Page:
The AEC is developing subsurface autonomous nanosensor devices, or smart sand microelectronic sensors, that are tagged with time and geolocation and capable of acquiring measurements in harsh subsurface environments. The current data loggers (level sensors) are millimeter-scale system in a package (SiP), suitable for characterization of temperature, pressure, resistivity, and hydrocarbon concentration and usable in a number of applications including flow assurance, wellbore integrity, hydraulic fracture, and reservoir characterization (Fig. 5a). In addition to the onboard nanosensor, the electronic packaged device includes proprietary battery and memory to enable thousands of measurements over prolonged time periods. Because of the stacked-chip SiP design of the AEC smart sand, different sensor, power, microprocessor, communications, and/or packaging technologies can now be quickly incorporated into a prototype. The best-performing technologies can be incorporated into existing downhole tools or selected for further miniaturization (Chapman and Walt 2015) (Fig. 5b).
Fig. 5—The AEC’s 3-mm smart sand integrates sensing elements with supporting electronics, communications, proprietary power source, and protective packaging.
The initial platform development included 8-mm and 3-mm physical sensors (temperature and pressure) capable of operating at 7,500 psi and 125°C. Sensors that measure physical reservoir properties have the advantage of not needing to extend beyond the system’s outer harsh environment protective shell (packaging). We have successfully demonstrated the temperature sensors’ functionality in API brine and Isopar-L at elevated temperatures and pressures.
The AEC members’ funding of a research consortium has enabled the multidisciplinary research projects necessary to accelerate new opportunities for upstream exploration and production improvements as well as the necessary cross-functional industry knowledge. Each application listed above fits into key business areas of AEC members: waterflooding, hydraulic fracturing, EOR, well integrity monitoring, and reservoir characterization.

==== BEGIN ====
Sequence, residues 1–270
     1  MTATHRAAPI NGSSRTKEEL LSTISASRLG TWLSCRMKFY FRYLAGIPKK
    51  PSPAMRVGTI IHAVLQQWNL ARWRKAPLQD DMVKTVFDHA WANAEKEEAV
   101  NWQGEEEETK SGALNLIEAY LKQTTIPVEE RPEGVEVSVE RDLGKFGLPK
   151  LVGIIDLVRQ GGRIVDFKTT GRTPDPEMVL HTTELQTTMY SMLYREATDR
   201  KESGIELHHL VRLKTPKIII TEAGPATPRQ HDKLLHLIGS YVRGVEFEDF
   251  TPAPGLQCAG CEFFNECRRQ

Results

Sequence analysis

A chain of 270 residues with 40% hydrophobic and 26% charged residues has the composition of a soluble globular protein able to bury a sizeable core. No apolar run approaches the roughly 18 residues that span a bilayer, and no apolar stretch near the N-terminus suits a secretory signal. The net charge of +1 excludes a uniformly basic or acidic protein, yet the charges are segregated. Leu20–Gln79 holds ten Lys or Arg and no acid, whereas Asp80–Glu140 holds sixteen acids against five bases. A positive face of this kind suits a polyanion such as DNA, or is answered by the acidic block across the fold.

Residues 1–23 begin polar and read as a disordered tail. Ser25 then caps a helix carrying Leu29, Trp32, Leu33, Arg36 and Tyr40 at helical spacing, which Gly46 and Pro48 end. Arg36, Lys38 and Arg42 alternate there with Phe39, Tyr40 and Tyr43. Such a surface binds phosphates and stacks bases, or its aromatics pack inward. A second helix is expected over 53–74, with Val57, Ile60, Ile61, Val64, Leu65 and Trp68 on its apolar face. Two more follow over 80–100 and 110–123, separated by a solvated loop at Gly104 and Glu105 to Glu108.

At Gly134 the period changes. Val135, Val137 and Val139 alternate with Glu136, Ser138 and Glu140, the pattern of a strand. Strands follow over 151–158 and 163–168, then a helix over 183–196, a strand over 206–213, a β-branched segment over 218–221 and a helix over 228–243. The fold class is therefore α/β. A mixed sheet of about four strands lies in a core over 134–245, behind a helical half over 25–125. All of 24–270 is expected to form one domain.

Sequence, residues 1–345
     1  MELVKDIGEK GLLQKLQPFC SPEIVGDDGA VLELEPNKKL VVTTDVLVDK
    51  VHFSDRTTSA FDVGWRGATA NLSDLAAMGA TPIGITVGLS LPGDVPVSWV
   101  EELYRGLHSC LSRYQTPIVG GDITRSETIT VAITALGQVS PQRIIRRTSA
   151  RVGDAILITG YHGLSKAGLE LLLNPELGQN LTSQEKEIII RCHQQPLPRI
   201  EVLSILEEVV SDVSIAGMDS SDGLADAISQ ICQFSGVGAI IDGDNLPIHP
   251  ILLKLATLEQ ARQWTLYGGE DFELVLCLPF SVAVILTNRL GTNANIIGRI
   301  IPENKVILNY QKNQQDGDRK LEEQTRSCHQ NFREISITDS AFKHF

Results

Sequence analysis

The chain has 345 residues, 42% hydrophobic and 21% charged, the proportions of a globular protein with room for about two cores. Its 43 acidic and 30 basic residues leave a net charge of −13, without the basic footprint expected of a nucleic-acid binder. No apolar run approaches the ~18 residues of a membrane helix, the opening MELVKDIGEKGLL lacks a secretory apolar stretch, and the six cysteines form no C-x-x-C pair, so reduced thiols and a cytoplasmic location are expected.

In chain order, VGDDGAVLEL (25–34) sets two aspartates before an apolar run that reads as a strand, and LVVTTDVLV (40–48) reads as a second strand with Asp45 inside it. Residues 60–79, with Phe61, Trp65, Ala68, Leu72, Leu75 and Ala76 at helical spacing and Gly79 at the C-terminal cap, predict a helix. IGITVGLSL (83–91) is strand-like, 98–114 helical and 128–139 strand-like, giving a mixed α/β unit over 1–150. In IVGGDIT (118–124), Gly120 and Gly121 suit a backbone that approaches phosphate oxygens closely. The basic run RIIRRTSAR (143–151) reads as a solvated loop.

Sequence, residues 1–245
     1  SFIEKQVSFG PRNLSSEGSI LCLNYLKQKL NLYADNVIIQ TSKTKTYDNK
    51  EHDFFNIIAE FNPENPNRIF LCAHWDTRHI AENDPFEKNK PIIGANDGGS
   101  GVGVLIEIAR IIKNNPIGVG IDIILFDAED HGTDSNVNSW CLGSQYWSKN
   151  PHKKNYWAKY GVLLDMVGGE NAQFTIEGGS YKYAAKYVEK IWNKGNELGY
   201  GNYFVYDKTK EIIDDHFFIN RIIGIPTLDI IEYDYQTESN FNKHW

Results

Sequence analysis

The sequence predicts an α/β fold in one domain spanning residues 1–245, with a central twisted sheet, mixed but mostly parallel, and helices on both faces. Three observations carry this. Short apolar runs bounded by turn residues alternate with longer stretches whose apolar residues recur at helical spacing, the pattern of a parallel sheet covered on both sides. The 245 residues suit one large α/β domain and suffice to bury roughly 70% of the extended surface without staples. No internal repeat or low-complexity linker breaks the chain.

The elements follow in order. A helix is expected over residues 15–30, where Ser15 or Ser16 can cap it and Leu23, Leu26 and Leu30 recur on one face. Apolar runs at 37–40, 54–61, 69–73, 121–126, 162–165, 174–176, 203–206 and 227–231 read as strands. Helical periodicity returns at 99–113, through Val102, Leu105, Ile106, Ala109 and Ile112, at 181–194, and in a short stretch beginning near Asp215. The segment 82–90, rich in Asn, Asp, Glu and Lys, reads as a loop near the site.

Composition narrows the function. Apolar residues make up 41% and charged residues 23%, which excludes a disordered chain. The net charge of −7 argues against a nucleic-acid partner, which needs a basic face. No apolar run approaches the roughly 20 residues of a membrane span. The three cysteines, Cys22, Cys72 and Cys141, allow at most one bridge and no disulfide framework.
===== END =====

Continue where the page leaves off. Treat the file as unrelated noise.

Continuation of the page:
The applications, if successful, will give members a key advantage over competitors when it comes to recovering oil and natural gas. Significant progress has been made in many areas of research and development for enabling nanotechnology solutions and sensors for measurements under harsh subsurface conditions. Plans are under way to demonstrate the contrast agent mapping concepts in large pilot studies for hydraulic fracturing, waterflooding, EOR, and interwell reservoir characterization applications.
This article was supported by the Advanced Energy Consortium: http://www.beg.utexas.edu/aec/. Member companies include BP America, Petrobras, Repsol, Schlumberger, Shell, Statoil, and Total. Publication authorized by the director of the Bureau of Economic Geology.